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Cleantech Talk’s Tesla Truck Take (Episode 41)

This week is Cleantech Talk’s Tesla Truck take. Anyone can offer a “hot take” on current events, and darn near every media outlet did! But it takes a brave team (or just a very busy-with-other-work one!) to offer a “cold take” weeks later. In our defense, we were trying to add something to CleanTechnica’s already-substantive coverage and reflections (e.g., this and this).

Episode #41 of Cleantech Talk is here, and today’s topic is the Tesla truck.

You can listen to this episode and subscribe to Cleantech Talk on iTunes or Soundcloud. You can also listen via the embedded player below or download this episode via the Soundcloud page. Jump into the show notes below for more goodies.

This week is Cleantech Talk’s Tesla Truck take. Anyone can offer a “hot take” on current events, and darn near every media outlet did! But it takes a brave team (or just a very busy-with-other-work one!) to offer a “cold take” weeks later. In our defense, we were trying to add something to CleanTechnica’s already-substantive coverage and reflections (e.g., this and this).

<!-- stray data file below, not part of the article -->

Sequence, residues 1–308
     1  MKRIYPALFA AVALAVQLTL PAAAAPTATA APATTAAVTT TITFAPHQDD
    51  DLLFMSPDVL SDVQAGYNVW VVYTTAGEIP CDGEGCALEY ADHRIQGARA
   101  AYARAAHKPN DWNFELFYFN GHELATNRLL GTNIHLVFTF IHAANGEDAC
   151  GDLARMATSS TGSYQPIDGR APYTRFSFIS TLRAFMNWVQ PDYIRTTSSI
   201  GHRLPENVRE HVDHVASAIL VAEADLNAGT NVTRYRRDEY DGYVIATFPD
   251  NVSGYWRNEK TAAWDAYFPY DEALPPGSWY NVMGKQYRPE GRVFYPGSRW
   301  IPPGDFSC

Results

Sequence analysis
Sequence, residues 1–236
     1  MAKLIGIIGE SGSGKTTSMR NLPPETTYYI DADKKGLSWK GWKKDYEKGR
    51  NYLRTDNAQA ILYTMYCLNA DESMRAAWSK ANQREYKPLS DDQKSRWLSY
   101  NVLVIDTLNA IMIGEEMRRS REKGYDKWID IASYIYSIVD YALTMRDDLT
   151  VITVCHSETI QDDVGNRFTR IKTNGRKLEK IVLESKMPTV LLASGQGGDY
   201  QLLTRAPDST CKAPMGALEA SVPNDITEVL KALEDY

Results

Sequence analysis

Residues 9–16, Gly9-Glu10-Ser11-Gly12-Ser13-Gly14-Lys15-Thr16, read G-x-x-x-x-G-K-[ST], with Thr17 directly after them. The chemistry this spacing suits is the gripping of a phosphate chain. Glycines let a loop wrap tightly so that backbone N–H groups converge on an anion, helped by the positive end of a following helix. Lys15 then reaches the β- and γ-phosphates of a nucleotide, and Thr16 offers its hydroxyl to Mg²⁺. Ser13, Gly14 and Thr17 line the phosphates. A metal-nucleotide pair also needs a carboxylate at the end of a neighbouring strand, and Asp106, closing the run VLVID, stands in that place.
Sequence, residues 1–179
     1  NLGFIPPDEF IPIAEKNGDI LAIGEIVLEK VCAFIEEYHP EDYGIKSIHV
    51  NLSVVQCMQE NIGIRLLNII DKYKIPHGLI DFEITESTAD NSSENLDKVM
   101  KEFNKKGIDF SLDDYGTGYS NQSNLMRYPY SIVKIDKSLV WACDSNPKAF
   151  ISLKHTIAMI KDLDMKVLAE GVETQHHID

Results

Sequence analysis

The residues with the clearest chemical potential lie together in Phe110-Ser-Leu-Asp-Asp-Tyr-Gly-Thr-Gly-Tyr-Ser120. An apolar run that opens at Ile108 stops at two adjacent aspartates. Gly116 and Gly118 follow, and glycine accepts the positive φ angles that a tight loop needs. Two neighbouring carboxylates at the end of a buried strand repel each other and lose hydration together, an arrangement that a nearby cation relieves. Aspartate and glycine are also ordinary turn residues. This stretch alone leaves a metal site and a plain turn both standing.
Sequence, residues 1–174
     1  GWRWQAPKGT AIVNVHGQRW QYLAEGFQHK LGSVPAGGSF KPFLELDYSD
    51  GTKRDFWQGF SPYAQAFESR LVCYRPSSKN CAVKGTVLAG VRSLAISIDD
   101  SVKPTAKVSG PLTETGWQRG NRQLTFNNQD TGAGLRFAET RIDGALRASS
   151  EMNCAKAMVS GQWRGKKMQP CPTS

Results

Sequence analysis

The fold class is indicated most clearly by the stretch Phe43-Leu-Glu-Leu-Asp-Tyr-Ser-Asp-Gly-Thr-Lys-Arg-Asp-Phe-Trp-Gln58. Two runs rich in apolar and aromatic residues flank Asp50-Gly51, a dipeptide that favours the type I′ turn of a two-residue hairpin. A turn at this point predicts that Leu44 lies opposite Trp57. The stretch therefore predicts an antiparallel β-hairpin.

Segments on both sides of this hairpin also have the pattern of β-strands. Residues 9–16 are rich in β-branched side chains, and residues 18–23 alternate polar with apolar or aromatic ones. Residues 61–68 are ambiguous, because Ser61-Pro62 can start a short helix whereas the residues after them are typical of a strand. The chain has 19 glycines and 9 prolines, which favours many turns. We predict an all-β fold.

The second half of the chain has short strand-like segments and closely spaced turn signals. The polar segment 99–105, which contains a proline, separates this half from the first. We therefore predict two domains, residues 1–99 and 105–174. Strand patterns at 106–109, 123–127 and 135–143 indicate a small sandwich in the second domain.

And our “cold take” is….

…the Model 3 is the only thing that matters. Everything else is a distraction. The Tesla Semi 1.0 and Roadster 2.0 are good things, but the Model 3 is the right thing for Elon and Tesla to focus on. The Boring Company’s recently announced plans to bid to build a tunnel linking downtown Chicago to its airport may be a good thing, but they’re not the right thing. Chatter about launching stuff to Mars this weekend is, again, good-but-not-right. The right thing is to get out of production hell for the Model 3.